Atheists and Homosexuals are "Natural Allies" (Addendum)

I am an LGBT ally and have defended homosexuals, argued for gay marriage, and have done a great deal to educate people about homosexuality on Facebook and in my blog. It is quite obvious that there are many common concerns and problems that LGBT individuals and atheists face: both groups generally advocate for separation of church and state and specifically, for LGBT people, advocate for gay marriage; both groups are discriminated against, face social stigma, and are treated unfairly; both groups are greatly misrepresented by outsiders; both groups are vastly underrepresented; and many members of both groups are closeted amongst other things. I constantly see gays being mistreated and victimized because of religious beliefs and I am constantly baffled as to how so many homosexuals are either religion, affiliated with an organized religion, or both.

During my last year at King's College, I supported a LGBT group on campus known as the Questions and Answers Club, but I faced tremendous resistance from the club. When I would attend meetings, I would bring up some concerns I had such as religious groups discriminating against homosexuals and closing charities, the intolerance of students on campus, and problems with supporting the Knights of Columbus on campus (a group that is part of a national organization which funds anti-gay initiatives and sends anti-gay propaganda). I would leave comments on the group's Facebook page dealing with discrimination that gays face from religious groups and because of religious ideas and my comments would be deleted by group admins.

I would be told, when I would make comments at meetings on online, that the group only wants to focus on local issues, relevant issues, and does not want to anger religious people on campus. I was also told that the group should not be “confrontational with the school” because the group is “allowed to exist.” Members of the Q&A Club also even went so far as to act as apologists for the Knights of Columbus and argued that they weren't anti gay and the group on campus is not doing what the national organization does.

While homosexuals might be against my approach (although it is very mild, yet I do not pull punches) and while they do not want to be confrontational, they should not try to stifle my efforts and even more importantly should not be defending religious bigotry. I've previously commented on differing approaches in the atheist community (and will do so more in a future blog post) and have noted that there are many different approaches and those in the same camps should not be working against each other or calling people “toxic.” Disagreement can and should be had, but this should be done in a constructive manner instead of levying personal attacks and stopping the efforts of those who are actually trying to educate and help those who are being defended.

More homosexuals and LGBT allies should be active within the atheist community and should be supporting each other. At a recent gay pride festival, the NEPA Freethought Society bought table space, handed out information, and tried to recruit members, but the efforts were unsuccessful and no new members were had. Why is this? Why aren't more gays working with atheists and joining atheist groups? Our concerns are very similar, we face similar challenges, and are “natural allies.”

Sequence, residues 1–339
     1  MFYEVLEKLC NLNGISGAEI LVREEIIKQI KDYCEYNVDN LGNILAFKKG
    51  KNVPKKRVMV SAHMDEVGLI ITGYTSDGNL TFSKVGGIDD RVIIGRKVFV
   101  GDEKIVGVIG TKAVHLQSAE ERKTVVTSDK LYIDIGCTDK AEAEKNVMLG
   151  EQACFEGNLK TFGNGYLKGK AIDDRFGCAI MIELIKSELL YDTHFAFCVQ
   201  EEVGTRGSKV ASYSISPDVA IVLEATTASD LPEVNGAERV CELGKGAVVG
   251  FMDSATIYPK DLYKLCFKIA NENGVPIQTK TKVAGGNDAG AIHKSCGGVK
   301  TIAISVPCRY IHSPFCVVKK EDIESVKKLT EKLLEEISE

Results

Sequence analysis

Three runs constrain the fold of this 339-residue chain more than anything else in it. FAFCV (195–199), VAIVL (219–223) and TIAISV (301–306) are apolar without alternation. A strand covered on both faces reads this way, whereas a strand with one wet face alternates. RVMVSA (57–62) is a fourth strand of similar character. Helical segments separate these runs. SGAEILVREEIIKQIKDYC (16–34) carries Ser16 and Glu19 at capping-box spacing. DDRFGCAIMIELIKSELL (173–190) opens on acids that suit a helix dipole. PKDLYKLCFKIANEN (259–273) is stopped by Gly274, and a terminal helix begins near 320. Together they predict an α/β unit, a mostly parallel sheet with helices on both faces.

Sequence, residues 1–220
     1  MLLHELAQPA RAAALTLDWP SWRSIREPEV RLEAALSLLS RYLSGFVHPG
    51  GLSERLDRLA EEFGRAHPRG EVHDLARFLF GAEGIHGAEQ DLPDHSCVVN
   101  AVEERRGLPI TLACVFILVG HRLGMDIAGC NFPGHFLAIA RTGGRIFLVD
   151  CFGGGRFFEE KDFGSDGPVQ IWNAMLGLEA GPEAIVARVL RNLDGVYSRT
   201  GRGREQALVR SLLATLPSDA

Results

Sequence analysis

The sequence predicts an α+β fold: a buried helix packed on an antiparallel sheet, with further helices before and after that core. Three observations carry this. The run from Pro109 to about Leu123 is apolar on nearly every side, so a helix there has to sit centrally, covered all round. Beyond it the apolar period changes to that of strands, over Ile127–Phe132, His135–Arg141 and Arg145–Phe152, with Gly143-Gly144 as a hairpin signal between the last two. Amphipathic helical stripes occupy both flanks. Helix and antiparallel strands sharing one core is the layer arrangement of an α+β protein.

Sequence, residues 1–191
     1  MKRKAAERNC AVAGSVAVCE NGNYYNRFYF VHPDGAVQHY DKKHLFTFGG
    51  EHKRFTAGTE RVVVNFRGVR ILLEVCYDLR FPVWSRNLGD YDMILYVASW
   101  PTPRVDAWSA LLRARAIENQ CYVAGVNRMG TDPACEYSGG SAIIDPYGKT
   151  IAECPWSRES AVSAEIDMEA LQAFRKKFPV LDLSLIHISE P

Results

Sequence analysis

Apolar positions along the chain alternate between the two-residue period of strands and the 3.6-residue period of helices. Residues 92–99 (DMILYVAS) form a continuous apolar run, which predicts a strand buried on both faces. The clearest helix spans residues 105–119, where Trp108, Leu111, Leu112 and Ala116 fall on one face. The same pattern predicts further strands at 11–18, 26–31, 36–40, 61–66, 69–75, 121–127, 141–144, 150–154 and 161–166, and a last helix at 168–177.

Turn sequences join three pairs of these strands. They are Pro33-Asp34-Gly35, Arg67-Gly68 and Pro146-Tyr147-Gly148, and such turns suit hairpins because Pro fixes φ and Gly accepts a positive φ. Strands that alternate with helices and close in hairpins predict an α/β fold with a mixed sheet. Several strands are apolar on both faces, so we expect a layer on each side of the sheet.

Possible Reasons:

  1. Apathy

Apathy is difficult to overcome regardless of what the issue is or what a group is. It can certainly be the case that may gays are apathetic to the concerns of atheists (or even other gays) and thus are not active in the atheist community. I find it impossible to be apathetic and feel obligated to blog, write articles, be active in the atheist community, educate, and be active in my local atheist group.

  1. Defeat

This may be similar to apathy or might be the cause of apathy. Homosexuals (and atheists) face a great deal of nonsense and may feel like their actions might not change things because of the scope of the current problems. People, though, should not resign and should keep pushing on. Atheists and homosexuals, although still stigmatized, have progressed greatly and are continuing to progress. Instead of giving up or expecting others to take the lead, individuals should contribute and press on.

  1. Fear

Fear is a huge problem because many homosexuals face the 'double closet' of being gay atheists and feel like they can't come out because of real consequences. Some homosexuals may be open, but are not openly atheist because, perhaps, they feel like they can't face the pressure from openly being a gay atheist. In many cases, people really cannot come out for good reasons, but this doesn't stop a person from acting anonymously by blogging, donating to organizations, coming to private meetings, or even one of these previous options.

Fear, apathy, and defeat should not discourage homosexuals from participating in the atheist community. I have said this many times in the past: many atheists are in the same corner as homosexuals. Help us as we help you so we can help each other.